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THE BORA–BRING IT ON!

October 14th, 2009 Leave a comment Go to comments

Fall weather is particularly unpredictable in Croatia, but one thing can be counted on—if the forecast is for a bora you need to be prepared.  Several days ago with a bora (strong NE winds that sweep down from the mountains) forecast we put into one of our favorite anchorages, Artaturi on the island of Losinj.  Artaturi is a large bay with exposure only to the south and is the perfect place to ride out the potentially high winds of a bora. 

Anchored in Artaturi

Anchored in Artaturi

When we retired for the evening the bay was virtually flat and any prospect of wind disturbing us was remote.  The bora was forecast for the following day—“forecast” means a window of 12 hours either way in our experience.  We felt that we were in a good spot with lots of anchor rode down and lots of swing room with no other boats nearby. 

Artaturi before the Blow

Artaturi before the Blow

By 4 a.m. we were awakened by wind beginning to rock the boat.  Instead of the forecast bora, the wind had shifted south and had gathered velocity overnight producing large waves that were rolling into our anchorage—the one that was perfect for the bora but not south winds.  The one other boat in the anchorage had already moved further inside for protection, but we decided to wait until daylight to make any move. 

Leaving Artaturi 12 hours later

Leaving Artaturi 12 hours later

At dawn it became apparent that we needed protection from all directions, so up came the anchor and off we went to the marina at Mali Losinj just a few miles away.  The town of Mali Losinj sits at the southeast end of a long bay and the marina affords good all around protection.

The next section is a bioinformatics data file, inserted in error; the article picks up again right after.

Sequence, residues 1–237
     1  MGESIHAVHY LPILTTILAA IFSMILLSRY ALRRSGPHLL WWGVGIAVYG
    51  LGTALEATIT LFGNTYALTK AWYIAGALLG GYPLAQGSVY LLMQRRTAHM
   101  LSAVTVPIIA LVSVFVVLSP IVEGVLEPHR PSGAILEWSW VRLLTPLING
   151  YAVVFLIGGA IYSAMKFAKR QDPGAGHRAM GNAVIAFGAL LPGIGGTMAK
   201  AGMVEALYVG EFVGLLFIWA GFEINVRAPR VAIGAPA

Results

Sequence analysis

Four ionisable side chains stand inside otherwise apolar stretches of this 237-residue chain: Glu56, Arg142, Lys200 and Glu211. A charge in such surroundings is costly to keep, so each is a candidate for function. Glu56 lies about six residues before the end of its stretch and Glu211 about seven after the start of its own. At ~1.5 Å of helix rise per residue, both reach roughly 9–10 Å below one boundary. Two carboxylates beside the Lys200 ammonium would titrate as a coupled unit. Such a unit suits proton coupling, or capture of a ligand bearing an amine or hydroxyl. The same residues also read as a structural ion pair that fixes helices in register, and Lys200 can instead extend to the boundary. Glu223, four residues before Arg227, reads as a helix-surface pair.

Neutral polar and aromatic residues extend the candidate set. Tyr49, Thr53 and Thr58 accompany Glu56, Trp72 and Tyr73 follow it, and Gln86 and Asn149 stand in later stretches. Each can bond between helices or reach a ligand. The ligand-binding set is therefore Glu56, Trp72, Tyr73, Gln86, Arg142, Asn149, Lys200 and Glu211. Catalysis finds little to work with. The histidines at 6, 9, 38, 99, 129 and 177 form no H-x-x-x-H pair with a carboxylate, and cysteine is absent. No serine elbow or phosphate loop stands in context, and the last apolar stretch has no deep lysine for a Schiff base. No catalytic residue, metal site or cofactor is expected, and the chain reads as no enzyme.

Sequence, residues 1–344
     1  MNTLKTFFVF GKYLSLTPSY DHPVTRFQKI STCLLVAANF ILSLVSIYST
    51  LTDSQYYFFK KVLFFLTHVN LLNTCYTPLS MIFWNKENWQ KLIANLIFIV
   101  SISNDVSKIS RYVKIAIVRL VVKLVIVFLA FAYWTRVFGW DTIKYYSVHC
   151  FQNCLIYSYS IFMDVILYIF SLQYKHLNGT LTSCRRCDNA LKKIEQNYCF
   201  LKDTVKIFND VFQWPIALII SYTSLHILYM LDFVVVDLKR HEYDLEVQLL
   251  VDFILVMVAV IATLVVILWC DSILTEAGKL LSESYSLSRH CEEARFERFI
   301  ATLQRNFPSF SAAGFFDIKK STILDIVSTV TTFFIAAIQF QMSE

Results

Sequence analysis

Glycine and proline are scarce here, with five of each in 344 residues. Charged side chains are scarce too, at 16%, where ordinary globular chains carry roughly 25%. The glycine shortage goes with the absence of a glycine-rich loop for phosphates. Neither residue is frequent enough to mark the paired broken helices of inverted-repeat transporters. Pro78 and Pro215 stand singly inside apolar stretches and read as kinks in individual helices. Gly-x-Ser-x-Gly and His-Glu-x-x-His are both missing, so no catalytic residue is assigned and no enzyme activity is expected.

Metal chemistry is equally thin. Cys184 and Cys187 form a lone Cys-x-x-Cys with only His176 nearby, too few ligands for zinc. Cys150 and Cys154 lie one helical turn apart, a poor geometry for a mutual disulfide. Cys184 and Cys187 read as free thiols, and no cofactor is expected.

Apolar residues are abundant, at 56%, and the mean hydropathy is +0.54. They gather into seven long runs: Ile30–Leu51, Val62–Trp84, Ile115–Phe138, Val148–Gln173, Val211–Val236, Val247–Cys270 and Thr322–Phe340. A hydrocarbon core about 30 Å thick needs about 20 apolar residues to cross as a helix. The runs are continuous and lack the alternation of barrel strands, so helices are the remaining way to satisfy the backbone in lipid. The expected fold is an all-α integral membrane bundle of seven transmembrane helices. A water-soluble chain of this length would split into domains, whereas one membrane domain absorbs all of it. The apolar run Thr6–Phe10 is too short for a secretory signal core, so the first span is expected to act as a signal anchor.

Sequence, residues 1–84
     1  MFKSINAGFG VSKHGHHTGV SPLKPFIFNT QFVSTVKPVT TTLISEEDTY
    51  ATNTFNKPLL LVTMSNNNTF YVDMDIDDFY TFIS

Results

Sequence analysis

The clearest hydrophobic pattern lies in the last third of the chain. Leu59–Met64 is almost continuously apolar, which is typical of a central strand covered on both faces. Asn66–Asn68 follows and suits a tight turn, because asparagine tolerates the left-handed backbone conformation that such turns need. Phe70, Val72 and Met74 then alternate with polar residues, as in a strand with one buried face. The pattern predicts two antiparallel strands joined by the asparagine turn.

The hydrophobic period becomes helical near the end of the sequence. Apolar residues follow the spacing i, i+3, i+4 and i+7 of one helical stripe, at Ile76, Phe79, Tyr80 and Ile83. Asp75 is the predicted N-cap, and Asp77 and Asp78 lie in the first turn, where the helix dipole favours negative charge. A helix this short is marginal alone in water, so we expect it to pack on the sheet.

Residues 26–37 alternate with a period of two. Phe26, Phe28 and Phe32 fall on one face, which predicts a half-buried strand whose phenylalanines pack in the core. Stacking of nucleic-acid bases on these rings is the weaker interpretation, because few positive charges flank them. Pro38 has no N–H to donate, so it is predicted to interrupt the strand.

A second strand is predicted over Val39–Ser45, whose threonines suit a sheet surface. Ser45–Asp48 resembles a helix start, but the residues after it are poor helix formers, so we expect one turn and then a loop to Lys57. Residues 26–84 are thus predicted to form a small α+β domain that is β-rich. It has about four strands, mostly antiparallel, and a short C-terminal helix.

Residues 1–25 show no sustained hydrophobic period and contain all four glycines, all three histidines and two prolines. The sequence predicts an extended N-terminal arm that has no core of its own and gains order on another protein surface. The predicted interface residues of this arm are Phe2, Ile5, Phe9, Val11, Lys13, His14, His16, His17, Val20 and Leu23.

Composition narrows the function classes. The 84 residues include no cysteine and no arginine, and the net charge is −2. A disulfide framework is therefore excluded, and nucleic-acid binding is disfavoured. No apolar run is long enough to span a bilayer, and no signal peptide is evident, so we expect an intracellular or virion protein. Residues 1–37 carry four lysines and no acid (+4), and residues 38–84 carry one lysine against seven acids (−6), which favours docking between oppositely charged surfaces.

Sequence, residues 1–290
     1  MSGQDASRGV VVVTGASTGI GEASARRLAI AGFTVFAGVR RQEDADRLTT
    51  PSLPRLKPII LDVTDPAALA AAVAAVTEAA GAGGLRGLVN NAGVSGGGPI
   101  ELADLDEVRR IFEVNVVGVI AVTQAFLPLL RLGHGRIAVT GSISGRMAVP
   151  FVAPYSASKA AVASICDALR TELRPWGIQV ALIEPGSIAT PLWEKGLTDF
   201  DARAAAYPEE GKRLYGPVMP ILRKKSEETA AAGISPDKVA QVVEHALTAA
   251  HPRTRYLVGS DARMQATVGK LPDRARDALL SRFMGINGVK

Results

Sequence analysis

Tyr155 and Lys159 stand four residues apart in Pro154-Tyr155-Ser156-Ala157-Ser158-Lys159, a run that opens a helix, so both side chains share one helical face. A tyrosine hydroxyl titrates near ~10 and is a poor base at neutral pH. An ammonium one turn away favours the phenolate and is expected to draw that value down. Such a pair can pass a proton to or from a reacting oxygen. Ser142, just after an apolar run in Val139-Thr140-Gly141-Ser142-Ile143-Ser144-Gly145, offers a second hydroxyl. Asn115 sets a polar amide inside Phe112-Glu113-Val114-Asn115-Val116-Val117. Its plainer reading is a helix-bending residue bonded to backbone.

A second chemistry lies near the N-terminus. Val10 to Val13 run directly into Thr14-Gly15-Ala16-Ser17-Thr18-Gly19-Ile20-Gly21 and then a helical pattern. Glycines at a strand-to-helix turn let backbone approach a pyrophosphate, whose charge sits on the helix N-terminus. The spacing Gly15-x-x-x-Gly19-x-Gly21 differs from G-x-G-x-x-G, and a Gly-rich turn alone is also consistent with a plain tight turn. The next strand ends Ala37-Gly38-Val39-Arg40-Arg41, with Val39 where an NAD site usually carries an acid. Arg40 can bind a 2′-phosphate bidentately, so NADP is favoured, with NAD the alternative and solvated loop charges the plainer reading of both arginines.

Storm approaching Mali Losinj

Storm approaching Mali Losinj

 The forecast was still for bora winds from the NE of up to 30 kts. so being tied to a dock was preferable to any anchorage under the circumstances.  We were moored stern to at the dock at Mal Losinj by 9:00 a.m. with the sky darkening and the wind picking up shortly thereafter. 

Getting Ready to Dock

Getting Ready to Dock

We had just enough time to make a quick trip ashore for provisions before the bora arrived at 12:30 p.m.  The wind had gone NE and was accompanied by torrential rain. From our vantage point near the quay we could see the water level rising as the wind was driven up the bay.  

Here comes the Rain

Here comes the Rain

By 1:30 p.m. the high winds and rain were accompanied by thunder and lightning and even tied to the dock we were heeling slightly in the wind and rocking back and forth.  The wind and rain intensified over the next two hours and by 2:30 p.m. we were recording wind gusts of 35 kt.  As the afternoon wore on, the rain would subside then become heavy again and there was periodic thunder and lightning and the wind was never below 25 kts.

 

Wind Abates, Rain Continues

Wind Abates, Rain Continues

Then almost as quickly as it had started, the rain abated and the sky brightened and by 6:15 p.m. the front had passed.  The sky was glowing orange with the setting sun and bathing the town in pink light.  It was an OMG moment. 

Mali Losinj 6 hours later

Mali Losinj 6 hours later

Quay at Dusk

Quay at Dusk

The air was fresh and clean and we hung out all the wet clothing that the day produced and opened hatches to dry out the cabin which had been full of condensation.  The boat had a nice rain water bath.

No more salt

No more salt

The wind continued to blow all night between 12-18 kts. but the next morning dawned clear and bright, although much colder.  We saw snow on the mainland mountains for the first time.  Fall has its foothold, but winter isn’t far behind.

 This was not our first bora experience and probably won’t be our last.  In fact, there is another one forecast for this coming weekend with forecast winds of up to 37 kts.  We will be tucked in a marina safe and sound, and hoping for a good soaking rain to wash the boat and a beautiful sunset to follow.

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